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Toilet paper for septic tanks
Sorry to lower the tone so early in the morning, but having never lived anywhere with septic tanks before we suspect we may have been causing ours problems, by using the softest, thickest toilet paper we could find.
Any suggestions for the most bio-degradable, eco-friendly options available here? Thanks 🙂
I saw your post early this morning but decided to give it a few hours after breakfast before replying 😊
I have had septic tanks for at least 20 years in both UK and Portugal and not had any major issues but the key (in my opinion) is to get them emptied at least once per year. I used to do this even in UK where I had 'weeper wells' and apparently such tanks don't need emptying. But the thought of what might be sitting there, always drove me to have the sewage truck pay a visit once per year.
I have no idea what kind of tank I now have in Portugal but regardless, I have it emptied annually. Cost used to be about €40 via the council but our new water supplier now offers this service at cost of about €60!
Hope this helps. It will be interesting to hear from other members on the subject of 'To Empty or Not' and the paper solution!!!
Hi, @gerry, many thanks for your response. Interestingly, our vendors told us they'd never had to empty the tanks in the 6 years they'd lived here - and their household is 3 times larger than ours, which gives us some hope we might not need to, if only we can keep it healthy and in good shape. The system sounds pretty fancy (not that I know the first thing about it) - 4 chambers and deep, with a long soak-away field. But it clearly can't cope with quilted, 4-ply toilet paper - still trying to work out which brands are the most bio-degradable, bleach-free etc (there seems to be very little info on the wrappers).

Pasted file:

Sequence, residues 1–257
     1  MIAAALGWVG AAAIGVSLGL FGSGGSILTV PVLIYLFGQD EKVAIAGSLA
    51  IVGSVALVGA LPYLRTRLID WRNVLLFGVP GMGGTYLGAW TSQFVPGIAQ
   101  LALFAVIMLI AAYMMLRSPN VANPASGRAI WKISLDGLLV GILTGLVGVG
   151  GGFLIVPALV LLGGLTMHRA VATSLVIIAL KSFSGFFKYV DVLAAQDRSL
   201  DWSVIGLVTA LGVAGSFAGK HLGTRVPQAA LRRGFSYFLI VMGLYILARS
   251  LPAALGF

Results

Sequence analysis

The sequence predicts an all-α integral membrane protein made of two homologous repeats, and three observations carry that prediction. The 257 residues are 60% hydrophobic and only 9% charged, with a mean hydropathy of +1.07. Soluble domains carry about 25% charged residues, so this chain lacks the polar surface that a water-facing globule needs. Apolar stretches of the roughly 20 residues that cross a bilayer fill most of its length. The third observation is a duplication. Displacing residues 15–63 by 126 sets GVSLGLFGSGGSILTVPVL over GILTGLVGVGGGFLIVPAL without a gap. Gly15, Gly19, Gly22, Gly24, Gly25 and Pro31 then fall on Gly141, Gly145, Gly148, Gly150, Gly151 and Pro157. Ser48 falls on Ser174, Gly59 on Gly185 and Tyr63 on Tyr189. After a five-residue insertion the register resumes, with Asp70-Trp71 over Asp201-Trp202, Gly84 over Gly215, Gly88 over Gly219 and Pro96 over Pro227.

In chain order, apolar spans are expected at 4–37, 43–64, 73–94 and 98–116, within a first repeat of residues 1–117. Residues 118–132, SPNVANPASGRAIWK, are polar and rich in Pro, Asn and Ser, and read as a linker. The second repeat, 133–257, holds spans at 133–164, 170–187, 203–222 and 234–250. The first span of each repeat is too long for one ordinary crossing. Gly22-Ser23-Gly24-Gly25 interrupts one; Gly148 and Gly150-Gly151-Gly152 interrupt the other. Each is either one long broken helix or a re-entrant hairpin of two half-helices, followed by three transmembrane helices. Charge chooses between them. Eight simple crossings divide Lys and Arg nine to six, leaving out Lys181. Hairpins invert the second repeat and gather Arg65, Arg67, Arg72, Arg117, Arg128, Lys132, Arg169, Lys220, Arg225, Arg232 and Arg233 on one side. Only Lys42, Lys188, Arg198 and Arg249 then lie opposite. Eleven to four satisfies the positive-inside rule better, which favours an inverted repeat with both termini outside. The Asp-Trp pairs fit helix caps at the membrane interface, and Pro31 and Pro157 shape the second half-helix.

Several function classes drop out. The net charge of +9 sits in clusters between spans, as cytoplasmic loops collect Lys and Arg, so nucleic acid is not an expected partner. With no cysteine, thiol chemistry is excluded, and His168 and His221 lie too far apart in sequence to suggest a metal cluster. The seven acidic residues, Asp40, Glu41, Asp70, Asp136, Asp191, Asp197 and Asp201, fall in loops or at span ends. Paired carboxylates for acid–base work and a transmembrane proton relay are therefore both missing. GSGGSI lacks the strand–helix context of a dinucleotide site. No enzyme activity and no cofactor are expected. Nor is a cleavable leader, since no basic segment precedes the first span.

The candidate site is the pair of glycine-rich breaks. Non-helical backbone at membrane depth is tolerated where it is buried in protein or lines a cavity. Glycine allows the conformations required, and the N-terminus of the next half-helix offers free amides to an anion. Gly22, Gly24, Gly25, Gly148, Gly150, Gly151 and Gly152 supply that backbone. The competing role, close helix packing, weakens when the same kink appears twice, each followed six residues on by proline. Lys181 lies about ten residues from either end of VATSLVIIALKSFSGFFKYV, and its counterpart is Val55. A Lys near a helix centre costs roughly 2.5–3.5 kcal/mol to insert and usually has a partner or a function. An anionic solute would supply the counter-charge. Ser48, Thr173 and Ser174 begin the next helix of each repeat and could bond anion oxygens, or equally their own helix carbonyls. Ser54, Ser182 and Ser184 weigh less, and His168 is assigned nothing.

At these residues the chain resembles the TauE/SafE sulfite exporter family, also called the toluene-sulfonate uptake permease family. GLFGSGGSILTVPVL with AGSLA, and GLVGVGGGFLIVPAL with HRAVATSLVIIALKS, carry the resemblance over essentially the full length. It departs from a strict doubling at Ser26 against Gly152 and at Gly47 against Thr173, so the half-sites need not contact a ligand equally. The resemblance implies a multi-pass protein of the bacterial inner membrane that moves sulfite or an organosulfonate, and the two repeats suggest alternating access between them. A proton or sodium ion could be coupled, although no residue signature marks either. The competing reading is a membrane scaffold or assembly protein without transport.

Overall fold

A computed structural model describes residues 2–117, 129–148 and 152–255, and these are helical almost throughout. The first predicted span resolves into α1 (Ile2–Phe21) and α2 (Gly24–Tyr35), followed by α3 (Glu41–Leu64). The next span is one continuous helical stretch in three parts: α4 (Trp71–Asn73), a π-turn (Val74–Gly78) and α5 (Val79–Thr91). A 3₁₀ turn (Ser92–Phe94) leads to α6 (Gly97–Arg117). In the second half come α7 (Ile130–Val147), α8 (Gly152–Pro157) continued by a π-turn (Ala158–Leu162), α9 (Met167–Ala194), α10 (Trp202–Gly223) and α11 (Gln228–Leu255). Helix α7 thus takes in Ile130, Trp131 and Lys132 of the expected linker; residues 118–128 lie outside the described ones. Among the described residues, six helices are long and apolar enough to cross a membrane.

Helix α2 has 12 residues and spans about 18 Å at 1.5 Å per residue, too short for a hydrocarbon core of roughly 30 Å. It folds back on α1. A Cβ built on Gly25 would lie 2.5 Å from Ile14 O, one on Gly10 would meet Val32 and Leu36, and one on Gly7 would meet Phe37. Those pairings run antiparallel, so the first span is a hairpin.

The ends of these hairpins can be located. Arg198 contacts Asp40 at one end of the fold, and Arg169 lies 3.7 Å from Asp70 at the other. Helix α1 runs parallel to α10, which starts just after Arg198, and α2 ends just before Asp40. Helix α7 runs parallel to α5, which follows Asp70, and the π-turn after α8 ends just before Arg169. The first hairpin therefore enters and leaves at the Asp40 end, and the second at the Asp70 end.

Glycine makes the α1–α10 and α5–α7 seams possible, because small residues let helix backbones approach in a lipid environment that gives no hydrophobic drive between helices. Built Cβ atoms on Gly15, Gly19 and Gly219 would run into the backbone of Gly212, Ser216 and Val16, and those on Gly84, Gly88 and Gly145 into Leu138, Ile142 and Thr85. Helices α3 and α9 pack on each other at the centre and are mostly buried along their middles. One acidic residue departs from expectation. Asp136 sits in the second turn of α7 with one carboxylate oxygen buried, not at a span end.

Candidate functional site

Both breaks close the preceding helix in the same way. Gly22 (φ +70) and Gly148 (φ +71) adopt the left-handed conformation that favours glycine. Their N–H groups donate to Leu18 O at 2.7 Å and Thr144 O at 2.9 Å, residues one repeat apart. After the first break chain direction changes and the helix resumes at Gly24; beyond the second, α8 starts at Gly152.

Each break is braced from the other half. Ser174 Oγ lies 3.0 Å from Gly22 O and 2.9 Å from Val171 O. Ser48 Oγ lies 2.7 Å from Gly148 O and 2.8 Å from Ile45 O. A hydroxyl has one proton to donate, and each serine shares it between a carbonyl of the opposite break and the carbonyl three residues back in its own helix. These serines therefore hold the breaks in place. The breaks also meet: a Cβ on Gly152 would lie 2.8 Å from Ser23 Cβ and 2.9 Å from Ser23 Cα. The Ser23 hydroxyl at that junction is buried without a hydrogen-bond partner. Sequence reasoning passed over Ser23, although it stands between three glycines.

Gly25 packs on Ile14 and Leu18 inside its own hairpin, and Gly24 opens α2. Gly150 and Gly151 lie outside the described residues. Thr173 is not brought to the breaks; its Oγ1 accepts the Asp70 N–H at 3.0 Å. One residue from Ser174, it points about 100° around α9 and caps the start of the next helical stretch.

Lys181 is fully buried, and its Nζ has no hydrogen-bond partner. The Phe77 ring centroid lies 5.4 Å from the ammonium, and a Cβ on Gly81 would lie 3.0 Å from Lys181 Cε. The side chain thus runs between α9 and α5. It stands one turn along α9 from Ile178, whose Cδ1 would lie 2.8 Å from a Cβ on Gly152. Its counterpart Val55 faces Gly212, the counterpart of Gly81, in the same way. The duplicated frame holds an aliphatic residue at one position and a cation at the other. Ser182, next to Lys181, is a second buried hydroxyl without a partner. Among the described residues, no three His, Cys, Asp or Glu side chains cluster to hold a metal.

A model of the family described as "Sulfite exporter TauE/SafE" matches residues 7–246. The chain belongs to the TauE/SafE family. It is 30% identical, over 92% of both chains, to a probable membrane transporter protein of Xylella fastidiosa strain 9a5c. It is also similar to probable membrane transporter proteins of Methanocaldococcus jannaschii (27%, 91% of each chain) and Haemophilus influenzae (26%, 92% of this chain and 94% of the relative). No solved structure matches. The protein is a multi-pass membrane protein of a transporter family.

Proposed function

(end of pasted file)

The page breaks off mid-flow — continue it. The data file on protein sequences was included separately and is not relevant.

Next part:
Many thanks for your advice about where to get tanks emptied, if we do need to. Good to know it's so cheap.
Best wishes, and have a lovely day (another scortchio 😎),
Yes such a lovely subject for a beautiful Sunday morning.
Back in 2010 in UK, I had a problem with soak aways backing up and chose to have a new filtration system fitted which did the job and ran clear water off to a drainage ditch. The fitter said you could drink the water but I couldn't persuade him to try 😀 However, he also advised that it was still worthwhile to have the tank properly emptied once a year so I have always taken that advice. I could add a little more to this story but I don't want to ruin your morning tosta mista !!
Might be that if you have it emptied once in a while, you can carry on with that luxurious tissue. Just a thought...........
Bom dia, @gerry. Not sure there's ever a good time for this discussion 🤔 , but thanks for the suggestion to get our tank emptied, it's certainly something we'll think about. So much to learn, not only about Portuguese culture and language, but rural living in general. Happy to be doing it in the sunshine though 🙂
I have lived with septic tanks and never had them emptied. That said eventually there will be an accumulation of non-degradable matter such as grit and sand from washing muddy vegetables/hands and also the plastic content of wipes and sanitary products. I doubt that you will ever have a problem getting even the most luxurious loo paper to degrade fast enough. However there is a greater chance of a blockage in the pipes leading to your septic tank, especially if there are roots getting in or the pipes & inspection chambers are poorly made or undersized. All are common problems in our part of the Algarve.
After nine years i wouldn't know where to find a place for the waste people to empty so here's hoping that all is well in another nine years.
What i meant was over a nine year period my Fossa has not been emptied. In my Loja there is nowhere for a fossa to be emptied. It's the same for all houses in the village i live in.
@peterfc so the houses all have individual fossas too?
When we had our fossa emptied, it was just a matter of telling the council and a truck came and drained it.
I know there are some fossas that have been build with a hole in the bottom to drain liquids out. I don't think they are legal but where done so people wouldn't have to empty so often.